Vandemonians were expected to re-enter society at the bottom of the human ladder and remain there. Over time they might be tolerated as amusing eccentrics, or shunned as people of untrustworthy character, but either way they could not rise and blend in with those who had been received. They had crossed over to “the other side”, and there they were doomed to remain.
But among the convicts of Van Diemen’s Land was a clutch of women whose crimes were yearnings for things above their station: for positions, husbands, lodgings, or finery or jewellery they could not pay for. They had the good fortune to be born good-looking and intelligent and so they could be plausible and ladylike. Alexandrina was tall and attractive and spoke well.
They were also especially vulnerable to seduction and abandonment, and the trigger for crime was often a betrayal or desertion by a lover.
A success story
Why is this story worth telling beyond its poignancy? It matters because Alexandrina Grant was a success among Scottish convict women transported to Van Diemen’s Land.
She lived into her ninth decade; was not a conspicuous drunkard; and married a free man, William Askew, who stayed with her. They went to the gold mines at Bulldog (now Bullarook) near Piggoreet. Her swindling career forced them to relocate to Ballarat, then Echuca and finally, Sydney.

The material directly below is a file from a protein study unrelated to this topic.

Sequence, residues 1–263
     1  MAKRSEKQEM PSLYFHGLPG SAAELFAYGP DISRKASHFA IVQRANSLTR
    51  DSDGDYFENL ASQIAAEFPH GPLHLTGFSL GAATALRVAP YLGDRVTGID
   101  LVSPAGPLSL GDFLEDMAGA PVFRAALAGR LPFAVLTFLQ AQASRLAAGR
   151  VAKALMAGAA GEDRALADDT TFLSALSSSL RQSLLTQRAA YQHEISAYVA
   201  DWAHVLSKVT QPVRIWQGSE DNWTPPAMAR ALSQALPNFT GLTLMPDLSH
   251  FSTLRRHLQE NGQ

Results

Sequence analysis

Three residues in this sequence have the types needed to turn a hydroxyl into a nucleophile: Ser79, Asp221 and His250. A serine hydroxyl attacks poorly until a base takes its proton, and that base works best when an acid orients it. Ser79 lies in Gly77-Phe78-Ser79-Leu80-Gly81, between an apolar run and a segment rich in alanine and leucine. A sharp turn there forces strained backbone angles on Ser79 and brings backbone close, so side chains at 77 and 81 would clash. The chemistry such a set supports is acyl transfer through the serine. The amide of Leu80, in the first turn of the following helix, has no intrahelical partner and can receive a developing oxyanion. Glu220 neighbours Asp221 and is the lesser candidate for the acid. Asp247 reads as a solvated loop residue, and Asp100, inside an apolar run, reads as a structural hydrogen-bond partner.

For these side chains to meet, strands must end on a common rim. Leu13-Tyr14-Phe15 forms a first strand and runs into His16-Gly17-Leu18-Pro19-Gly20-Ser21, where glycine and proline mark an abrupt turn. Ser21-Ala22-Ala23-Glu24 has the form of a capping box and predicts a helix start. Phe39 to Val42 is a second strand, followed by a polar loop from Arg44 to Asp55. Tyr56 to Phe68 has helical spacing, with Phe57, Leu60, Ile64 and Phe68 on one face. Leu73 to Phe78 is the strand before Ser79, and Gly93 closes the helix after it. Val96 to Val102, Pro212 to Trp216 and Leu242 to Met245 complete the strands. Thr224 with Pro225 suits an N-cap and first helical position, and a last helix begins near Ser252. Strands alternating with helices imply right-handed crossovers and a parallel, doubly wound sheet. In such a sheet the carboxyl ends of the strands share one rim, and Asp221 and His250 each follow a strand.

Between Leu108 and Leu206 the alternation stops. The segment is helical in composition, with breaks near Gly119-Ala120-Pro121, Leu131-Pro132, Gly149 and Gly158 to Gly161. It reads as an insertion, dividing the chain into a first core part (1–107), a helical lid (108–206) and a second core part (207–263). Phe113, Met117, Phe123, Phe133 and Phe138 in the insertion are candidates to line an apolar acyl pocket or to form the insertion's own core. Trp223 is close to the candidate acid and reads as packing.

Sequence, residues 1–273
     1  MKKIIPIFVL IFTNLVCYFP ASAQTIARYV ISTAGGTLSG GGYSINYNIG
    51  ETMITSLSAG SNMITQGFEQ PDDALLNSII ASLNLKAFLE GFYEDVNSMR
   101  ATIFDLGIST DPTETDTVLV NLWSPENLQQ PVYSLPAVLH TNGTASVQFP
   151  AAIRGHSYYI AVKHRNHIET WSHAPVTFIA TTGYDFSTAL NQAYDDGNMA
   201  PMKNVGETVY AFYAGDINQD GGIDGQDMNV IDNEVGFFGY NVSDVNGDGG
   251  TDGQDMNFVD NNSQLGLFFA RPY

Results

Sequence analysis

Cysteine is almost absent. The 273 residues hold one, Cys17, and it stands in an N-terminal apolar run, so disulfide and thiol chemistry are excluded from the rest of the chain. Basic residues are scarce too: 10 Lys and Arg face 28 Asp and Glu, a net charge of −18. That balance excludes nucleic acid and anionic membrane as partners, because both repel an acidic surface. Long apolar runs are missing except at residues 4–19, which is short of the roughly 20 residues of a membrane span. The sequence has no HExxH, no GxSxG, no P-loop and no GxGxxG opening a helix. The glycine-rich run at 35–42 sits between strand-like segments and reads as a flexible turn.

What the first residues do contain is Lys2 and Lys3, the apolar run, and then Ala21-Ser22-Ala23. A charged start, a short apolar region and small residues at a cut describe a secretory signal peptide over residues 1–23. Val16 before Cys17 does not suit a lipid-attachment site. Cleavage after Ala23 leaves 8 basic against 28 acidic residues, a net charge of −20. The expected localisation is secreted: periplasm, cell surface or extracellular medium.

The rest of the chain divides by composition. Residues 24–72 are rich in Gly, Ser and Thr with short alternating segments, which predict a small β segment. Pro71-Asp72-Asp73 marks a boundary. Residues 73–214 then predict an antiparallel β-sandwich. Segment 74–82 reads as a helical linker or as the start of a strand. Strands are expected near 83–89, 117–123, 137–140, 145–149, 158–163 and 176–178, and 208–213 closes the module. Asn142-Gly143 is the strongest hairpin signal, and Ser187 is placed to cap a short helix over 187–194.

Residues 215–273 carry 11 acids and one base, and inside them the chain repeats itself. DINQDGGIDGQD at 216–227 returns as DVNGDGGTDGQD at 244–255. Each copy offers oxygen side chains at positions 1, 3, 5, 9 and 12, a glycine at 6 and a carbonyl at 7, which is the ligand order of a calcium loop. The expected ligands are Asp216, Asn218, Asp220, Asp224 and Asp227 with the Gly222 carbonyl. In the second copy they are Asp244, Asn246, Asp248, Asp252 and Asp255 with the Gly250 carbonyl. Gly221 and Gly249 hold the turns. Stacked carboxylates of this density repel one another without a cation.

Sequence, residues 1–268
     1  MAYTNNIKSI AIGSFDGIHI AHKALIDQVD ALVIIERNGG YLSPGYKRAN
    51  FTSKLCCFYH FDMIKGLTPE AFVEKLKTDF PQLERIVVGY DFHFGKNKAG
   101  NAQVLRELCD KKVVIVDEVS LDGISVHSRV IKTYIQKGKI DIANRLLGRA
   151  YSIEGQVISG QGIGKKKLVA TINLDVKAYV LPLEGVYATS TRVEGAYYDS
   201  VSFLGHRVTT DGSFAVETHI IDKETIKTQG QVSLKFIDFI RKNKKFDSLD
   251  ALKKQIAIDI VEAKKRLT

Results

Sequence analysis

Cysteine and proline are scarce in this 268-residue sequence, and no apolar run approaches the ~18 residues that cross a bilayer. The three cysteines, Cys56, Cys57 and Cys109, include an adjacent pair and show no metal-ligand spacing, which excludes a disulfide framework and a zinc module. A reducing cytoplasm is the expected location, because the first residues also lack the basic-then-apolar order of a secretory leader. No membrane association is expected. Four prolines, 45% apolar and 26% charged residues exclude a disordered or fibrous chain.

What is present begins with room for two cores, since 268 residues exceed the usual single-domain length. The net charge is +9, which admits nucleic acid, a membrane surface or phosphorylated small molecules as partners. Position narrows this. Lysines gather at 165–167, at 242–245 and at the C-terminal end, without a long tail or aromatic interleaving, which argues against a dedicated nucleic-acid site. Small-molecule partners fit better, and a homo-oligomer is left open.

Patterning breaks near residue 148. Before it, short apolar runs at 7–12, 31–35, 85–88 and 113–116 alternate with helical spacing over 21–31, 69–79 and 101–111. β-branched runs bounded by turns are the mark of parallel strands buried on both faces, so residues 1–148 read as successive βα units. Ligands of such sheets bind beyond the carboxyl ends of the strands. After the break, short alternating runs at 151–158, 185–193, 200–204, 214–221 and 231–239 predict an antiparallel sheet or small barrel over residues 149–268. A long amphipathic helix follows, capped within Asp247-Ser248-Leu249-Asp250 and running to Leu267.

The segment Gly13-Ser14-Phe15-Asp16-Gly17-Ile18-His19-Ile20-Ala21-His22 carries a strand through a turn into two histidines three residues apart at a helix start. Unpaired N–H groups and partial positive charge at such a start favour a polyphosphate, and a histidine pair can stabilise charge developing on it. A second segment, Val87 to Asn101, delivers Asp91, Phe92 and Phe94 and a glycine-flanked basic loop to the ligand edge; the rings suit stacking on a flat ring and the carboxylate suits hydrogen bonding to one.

She bore ten children, six of whom lived into middle life; and successfully delivered and reared the illegitimate child of her second daughter under the common fiction that the child was her own.
Moreover, two of her daughters, including the one who had a baby out of wedlock at 16, married good providers, even if one was an eccentric Swiss-Italian, self-styled professor who dealt over the years variously in mesmerism, phrenology, homeopathy and marriage guidance.
Alexandrina, who died in 1913, was apparently loved. The final chapter of her life took place in Sydney, where she ran boarding houses at dubious addresses in Redfern, twice going bankrupt. Few of the 1636 Scottish women transported to Van Diemen’s Land achieved anything like this ordinary triumph over poverty, stigma and marginalisation.
Janet McCalman’s book Vandemonians is out now (MUP).
Janet McCalman AC receives funding from the Australian Research Council
– ref. Hidden women of history: how ‘lady swindler’ Alexandrina Askew triumphed over the convict stain – https://theconversation.com/hidden-women-of-history-how-lady-swindler-alexandrina-askew-triumphed-over-the-convict-stain-169023